whether CSTCM did so because she engaged in a protected activity, namely, reporting
sexual harassment. Accordingly, Plaintiff Stockmar’s Motion is also DENIED.
DEFENDANT’S CROSS-MOTION FOR SUMMARYJUDGMENT
Defendant’s Cross-Motion contends that Defendant is entitled to summary
judgment regarding CSTCM’s liability because (1) DiBrigida’s conduct was not
“unwelcome”; and (2) CSTCM should prevail on what is known as the Faragher/Ellerth
defense. (Doc. # 46.) See Faragher v. City of Boca Raton, 524 U.S. 775, 807 (1998);
Burlington Indus., Inc. v. Ellerth, 524 U.S. 742, 765 (1998). That affirmative defense is
available to an employer only when there has been no “tangible employment action”
against an employee. Ellerth, 524 at 761-62. An employer pleading the defense must
demonstrate that (1) the employer exercised reasonable care to prevent and correct
promptly any harassing behavior; and (2) the plaintiff employee unreasonably failed to
take advantage of any preventive or corrective opportunities provided by the employer
or to avoid harm otherwise. Id. at 765. In the alternative, Defendant’s Motion contends
that, even if Defendant is ultimately held liable, compensatory damages should be
capped at $50,000 per Plaintiff, pursuant to 42 U.S.C. § 1981a.
As explained above, the question of whether DiBrigida’s conduct was “welcome”
is highly disputed here, and accordingly must be resolved by the jury.
Moreover, because Plaintiffs’ allegations of sexual harassment “culminated” in
adverse employment actions, the Faragher/Ellerth defense is not available to CSTCM.
See Ellerth, 524 at 761-62. In Helm v. Kansas, 656 F.3d 1277, 1287 (10th Cir. 2011),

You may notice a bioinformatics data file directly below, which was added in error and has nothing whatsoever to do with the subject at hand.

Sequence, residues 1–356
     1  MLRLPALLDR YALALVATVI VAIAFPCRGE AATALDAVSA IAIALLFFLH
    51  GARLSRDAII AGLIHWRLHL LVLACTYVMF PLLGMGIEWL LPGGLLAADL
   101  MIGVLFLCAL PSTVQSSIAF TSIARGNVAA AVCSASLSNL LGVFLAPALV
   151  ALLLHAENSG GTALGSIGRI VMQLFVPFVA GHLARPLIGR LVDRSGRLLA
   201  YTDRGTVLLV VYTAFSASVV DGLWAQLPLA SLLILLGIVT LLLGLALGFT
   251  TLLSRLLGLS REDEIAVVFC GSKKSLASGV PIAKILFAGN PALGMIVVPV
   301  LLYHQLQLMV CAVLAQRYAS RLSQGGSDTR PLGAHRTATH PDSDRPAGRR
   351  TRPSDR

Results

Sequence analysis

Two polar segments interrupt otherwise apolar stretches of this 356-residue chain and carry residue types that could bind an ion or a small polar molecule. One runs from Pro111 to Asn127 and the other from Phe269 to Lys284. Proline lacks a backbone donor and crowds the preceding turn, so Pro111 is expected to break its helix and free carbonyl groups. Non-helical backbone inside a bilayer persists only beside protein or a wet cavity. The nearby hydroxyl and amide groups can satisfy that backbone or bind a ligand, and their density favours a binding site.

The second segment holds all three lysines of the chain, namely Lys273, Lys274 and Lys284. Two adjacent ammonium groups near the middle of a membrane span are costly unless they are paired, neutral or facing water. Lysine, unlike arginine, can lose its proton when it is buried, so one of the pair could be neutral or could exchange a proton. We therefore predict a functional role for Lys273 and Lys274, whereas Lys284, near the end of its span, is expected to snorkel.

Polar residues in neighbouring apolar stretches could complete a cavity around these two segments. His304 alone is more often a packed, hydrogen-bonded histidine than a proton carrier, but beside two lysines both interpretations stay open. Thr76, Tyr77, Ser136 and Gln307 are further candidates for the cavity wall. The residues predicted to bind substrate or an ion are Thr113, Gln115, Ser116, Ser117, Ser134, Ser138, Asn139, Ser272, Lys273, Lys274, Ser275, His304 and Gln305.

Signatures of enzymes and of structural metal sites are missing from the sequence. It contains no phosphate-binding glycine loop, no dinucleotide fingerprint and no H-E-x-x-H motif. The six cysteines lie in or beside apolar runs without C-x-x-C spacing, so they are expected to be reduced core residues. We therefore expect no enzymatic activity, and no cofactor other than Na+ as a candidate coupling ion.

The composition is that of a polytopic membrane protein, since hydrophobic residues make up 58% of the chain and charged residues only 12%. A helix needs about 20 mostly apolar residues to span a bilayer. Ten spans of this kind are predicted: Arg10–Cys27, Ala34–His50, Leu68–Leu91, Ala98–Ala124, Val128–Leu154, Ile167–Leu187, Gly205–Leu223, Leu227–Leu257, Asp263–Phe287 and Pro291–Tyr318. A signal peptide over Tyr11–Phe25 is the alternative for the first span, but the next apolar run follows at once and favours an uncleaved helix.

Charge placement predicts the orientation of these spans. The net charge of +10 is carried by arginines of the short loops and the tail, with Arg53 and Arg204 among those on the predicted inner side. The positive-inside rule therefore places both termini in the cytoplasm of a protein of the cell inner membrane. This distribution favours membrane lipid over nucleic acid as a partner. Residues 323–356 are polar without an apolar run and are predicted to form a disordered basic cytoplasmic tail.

the Tenth Circuit held that, to demonstrate that the harassment “culminated” in the
adverse action, a plaintiff must establish a “strong causal nexus between the
supervisor’s harassment and the tangible employment action.” In applying this
standard, that court also held that no reasonable juror could find that the plaintiff’s
termination in that case was causally connected to the harassment she experienced,
because her direct supervisor (against whom she had complained regarding
harassment) had removed himself from any employment decisions, and there was no
other evidence to connect the reporting of the alleged harassment of her direct
supervisor with her termination (which occurred after she was arrested and charged
with a felony and two misdemeanors preventing her from performing her work). Id. In
this case, because Manton, not DiBrigida, actually fired Stockmar and Carleton, both
Plaintiffs must connect DiBrigida’s harassing conduct to their terminations (by Manton)
in order to bar application of the Faragher/Ellerth defense.5
Here, Plaintiffs have submitted sufficient evidence for the Court to conclude that